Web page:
GRIMM'S FAIRY TALES - online book

130 Fairy Stories Adapted & Arranged for young people

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THE RICH MAN'S GRA VE.
At nightfall he went to the churchyard, and seated himself neat the grave. All was still, the moon threw her soft light over the tomb-stones, and only the hoot of the owl disturbed the peaceful silence. At sunrise he returned home unhurt, and went again the second night without anything happening even to alarm him.
When the third evening arrived, however, he felt a kind of fore­boding that something would occur, and, on entering the church­yard, he saw a man standing by the wall whom he had never seen before. He was not young; he had a scarred face, and eyes that were sharp and piercing.
" What do you want here T cried the peasant. " Are you not afraid of the lonely churchyard ?"
"I want nothing," replied the man, "and I fear nothing. I am like the young man who went out to learn how to fear, and had his trouble for nothing, excepting that he married a king's daughter, and obtained great riches. I am always poor. I am a discharged soldier, and I came to the churchyard to pass the night here, for I have no other shelter."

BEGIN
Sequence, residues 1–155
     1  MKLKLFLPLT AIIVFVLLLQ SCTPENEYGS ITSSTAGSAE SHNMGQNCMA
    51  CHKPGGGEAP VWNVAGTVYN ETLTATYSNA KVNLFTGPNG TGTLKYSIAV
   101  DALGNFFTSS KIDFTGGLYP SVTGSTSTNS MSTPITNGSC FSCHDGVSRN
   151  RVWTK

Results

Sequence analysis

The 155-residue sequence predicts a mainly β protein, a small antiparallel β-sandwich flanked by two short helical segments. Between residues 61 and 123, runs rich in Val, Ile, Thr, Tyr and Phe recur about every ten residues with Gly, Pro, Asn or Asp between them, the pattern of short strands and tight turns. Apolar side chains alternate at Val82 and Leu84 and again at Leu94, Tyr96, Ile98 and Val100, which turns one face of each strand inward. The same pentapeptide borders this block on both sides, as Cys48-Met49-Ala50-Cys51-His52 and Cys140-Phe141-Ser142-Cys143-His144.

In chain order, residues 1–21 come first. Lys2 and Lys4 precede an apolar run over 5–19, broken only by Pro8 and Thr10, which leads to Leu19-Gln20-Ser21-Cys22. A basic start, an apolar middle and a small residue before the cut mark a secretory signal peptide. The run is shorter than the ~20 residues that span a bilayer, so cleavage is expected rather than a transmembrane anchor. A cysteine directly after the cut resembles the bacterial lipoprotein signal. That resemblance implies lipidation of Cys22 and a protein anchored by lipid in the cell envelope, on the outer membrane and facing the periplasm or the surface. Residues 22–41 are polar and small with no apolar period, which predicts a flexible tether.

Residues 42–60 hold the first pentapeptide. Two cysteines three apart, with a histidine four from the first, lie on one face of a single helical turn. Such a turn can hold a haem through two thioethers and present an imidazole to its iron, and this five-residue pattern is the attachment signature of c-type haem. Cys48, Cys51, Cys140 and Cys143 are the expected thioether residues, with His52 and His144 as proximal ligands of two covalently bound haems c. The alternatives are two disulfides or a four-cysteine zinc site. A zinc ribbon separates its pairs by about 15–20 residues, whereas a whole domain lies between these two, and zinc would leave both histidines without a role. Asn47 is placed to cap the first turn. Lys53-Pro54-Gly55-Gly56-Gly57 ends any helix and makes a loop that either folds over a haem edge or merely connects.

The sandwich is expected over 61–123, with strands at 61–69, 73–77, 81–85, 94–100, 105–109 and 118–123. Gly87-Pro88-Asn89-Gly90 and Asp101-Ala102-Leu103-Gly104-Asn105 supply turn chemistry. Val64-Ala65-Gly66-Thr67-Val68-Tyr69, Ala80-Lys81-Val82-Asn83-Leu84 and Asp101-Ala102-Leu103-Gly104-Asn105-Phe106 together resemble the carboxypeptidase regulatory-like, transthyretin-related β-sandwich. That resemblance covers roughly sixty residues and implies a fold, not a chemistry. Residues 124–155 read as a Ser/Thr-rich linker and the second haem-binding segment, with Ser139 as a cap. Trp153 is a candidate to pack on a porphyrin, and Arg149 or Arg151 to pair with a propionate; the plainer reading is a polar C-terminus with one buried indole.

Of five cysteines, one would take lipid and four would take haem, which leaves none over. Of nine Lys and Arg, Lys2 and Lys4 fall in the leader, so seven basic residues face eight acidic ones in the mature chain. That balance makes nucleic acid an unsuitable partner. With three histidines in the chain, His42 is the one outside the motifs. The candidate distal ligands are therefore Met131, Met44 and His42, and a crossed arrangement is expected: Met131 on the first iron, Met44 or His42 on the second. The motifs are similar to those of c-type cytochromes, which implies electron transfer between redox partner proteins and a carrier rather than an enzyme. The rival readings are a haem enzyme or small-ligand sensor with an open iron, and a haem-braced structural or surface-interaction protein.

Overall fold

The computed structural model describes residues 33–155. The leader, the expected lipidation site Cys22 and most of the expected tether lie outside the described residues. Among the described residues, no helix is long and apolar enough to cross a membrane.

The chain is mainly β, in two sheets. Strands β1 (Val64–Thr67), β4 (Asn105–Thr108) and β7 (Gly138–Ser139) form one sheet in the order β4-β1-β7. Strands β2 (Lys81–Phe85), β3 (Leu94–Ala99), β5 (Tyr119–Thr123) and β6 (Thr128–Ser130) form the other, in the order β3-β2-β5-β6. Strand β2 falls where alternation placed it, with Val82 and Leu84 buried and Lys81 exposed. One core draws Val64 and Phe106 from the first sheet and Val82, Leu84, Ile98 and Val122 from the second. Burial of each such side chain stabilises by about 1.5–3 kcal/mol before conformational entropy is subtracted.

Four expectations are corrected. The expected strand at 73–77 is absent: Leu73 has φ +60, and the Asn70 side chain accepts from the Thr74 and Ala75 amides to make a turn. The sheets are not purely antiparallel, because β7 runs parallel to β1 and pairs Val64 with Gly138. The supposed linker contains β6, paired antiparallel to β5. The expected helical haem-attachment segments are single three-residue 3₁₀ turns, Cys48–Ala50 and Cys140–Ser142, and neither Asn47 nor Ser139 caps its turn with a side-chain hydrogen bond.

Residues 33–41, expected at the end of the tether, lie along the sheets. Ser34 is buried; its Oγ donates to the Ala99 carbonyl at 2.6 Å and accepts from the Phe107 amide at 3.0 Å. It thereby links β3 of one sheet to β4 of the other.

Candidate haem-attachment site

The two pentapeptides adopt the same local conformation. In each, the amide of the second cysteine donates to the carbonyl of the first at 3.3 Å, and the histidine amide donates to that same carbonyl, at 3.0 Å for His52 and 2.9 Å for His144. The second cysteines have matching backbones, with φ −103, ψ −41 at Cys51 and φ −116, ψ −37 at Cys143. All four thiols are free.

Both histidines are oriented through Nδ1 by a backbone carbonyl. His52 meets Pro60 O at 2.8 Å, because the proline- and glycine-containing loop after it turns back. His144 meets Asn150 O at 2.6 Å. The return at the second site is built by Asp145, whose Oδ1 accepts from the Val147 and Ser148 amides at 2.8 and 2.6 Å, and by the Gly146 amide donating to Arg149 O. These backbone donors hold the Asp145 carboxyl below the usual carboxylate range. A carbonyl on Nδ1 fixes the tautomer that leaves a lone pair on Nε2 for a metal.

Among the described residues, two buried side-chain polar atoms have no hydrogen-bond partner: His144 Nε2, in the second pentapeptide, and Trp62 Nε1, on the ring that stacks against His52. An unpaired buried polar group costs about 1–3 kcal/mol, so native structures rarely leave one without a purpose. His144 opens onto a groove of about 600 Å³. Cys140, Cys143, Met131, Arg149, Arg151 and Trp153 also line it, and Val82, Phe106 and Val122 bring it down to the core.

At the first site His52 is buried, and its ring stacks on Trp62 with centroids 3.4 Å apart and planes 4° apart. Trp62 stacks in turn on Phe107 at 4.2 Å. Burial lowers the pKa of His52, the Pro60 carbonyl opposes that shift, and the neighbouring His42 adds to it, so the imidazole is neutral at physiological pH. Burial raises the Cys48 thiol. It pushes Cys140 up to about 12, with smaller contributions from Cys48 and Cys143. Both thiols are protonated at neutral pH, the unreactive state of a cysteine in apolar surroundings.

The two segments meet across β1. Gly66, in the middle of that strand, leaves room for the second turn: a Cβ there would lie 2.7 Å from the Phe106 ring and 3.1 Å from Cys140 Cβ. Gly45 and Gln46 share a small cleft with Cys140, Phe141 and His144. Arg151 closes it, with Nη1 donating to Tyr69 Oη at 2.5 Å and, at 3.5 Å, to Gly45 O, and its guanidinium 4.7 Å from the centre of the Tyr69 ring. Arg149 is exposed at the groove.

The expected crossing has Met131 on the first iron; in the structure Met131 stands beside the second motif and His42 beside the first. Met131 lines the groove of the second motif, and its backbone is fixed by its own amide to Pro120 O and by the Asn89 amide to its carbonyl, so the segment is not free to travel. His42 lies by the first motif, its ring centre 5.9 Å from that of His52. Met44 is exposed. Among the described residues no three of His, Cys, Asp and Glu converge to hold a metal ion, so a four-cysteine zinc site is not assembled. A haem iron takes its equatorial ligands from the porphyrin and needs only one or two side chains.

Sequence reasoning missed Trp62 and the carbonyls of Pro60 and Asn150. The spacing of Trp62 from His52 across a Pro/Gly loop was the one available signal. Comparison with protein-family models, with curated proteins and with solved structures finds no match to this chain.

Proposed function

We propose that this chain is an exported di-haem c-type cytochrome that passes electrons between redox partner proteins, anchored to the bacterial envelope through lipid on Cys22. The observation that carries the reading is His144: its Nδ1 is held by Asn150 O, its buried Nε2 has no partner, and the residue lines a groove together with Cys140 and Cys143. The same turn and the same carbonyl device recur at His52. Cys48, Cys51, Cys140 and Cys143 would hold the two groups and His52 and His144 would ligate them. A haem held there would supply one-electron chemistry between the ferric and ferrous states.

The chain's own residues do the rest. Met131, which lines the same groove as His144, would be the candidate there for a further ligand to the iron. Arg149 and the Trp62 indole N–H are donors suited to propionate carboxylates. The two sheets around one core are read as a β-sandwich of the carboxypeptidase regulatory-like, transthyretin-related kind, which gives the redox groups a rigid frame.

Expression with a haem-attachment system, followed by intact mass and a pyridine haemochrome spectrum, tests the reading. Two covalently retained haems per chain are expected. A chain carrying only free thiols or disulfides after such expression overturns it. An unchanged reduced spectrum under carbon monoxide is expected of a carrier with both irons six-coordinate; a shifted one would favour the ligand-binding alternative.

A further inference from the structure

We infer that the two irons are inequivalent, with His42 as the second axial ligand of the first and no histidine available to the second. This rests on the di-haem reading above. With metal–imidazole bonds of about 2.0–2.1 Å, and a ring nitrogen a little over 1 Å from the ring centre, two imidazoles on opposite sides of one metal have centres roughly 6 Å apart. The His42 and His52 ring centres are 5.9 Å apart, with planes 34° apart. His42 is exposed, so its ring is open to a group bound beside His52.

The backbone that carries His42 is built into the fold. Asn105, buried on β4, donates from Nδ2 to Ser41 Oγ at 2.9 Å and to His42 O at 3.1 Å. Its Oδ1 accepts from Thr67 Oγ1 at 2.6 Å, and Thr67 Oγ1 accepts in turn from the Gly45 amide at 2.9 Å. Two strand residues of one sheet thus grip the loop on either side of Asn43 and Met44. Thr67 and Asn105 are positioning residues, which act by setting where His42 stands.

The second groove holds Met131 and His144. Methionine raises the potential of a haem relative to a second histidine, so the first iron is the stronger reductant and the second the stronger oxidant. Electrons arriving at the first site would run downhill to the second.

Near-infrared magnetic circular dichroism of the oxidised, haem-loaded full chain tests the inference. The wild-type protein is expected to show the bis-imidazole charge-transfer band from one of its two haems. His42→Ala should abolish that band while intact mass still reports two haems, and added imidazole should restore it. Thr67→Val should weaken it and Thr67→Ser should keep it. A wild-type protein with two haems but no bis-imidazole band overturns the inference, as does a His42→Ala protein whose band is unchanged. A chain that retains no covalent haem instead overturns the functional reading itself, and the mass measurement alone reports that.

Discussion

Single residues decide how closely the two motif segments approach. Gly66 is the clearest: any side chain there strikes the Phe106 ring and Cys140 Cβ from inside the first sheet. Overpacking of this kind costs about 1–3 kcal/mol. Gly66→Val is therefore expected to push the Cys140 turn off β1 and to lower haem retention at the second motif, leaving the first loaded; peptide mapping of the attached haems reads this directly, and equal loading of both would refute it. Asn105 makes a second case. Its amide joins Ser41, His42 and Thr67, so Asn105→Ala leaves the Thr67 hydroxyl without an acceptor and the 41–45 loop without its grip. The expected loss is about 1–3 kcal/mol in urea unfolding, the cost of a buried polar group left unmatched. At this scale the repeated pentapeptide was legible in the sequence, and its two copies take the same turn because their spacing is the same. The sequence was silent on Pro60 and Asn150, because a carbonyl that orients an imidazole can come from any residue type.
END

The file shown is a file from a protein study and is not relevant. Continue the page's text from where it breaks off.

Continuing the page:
" If you are not afraid," said the peasant, " then stay with me and help me to watch by this grave."
"Willingly," he replied; "for to mount guard is my trade. Whatever we meet with here, good or bad, I will share the conse* quences with you."
The peasant consented, and they seated themselves by the grave together. All remained quiet till midnight: at that moment a shrill whistle was heard in the air, and the two watchers saw all at once, standing before them, the Evil One himself in person.
"Be off, you scoundrels," he cried; "he who lies in this grave is mine: I have come to fetch him, and if you do not go away at once, I will wring your necks."
"My lord of the red feather," replied the soldier," you are not my captain. I cannot, therefore, obey orders from you, and I have never yet learnt to fear. So take yourself off: we shall remain here as long as we please."
On seeing the men so firm, the Evil One thought he might easily bribe two such poor scamps as these with gold, so assuming a gentle tone, he asked them if they would resign their position for a purse of gold.
* Come, now, that is worth hearing," said the soldief ; " but a